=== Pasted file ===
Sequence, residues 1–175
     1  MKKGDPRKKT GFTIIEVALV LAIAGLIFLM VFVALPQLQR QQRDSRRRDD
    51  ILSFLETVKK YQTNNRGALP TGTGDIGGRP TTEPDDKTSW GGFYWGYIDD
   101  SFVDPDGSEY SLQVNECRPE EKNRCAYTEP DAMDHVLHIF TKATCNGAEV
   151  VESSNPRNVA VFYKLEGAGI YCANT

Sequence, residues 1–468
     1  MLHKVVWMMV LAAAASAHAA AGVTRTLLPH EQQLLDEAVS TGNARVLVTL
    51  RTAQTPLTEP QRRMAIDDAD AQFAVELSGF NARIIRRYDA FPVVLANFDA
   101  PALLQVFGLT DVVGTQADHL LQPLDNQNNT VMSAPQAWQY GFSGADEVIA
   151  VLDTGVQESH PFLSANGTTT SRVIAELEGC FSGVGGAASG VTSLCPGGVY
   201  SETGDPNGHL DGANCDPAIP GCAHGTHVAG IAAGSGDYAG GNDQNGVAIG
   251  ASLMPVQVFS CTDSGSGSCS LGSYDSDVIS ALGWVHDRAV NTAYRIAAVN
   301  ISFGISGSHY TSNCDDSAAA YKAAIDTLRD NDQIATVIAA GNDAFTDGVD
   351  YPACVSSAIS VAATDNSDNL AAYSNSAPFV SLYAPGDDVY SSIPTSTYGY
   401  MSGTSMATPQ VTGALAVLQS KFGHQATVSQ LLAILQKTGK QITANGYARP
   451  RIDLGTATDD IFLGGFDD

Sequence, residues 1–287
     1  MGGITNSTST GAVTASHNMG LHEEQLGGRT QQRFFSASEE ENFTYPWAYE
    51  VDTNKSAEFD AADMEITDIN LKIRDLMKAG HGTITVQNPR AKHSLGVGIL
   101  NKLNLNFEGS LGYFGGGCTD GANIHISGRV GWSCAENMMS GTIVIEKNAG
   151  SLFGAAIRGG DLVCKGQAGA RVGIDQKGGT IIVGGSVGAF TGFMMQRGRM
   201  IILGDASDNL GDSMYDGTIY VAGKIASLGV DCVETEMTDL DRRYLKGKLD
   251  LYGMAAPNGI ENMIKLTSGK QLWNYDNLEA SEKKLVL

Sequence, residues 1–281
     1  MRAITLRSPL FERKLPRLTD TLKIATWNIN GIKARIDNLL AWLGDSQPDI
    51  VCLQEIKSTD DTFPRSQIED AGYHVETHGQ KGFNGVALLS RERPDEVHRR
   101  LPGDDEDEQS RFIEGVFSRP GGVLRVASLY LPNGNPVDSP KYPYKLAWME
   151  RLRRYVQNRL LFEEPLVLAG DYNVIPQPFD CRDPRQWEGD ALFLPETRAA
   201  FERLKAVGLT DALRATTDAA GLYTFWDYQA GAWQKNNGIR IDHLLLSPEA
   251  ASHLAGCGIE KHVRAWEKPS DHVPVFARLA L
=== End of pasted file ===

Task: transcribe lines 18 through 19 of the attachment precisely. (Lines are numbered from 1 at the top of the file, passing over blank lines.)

     1  MGGITNSTST GAVTASHNMG LHEEQLGGRT QQRFFSASEE ENFTYPWAYE
    51  VDTNKSAEFD AADMEITDIN LKIRDLMKAG HGTITVQNPR AKHSLGVGIL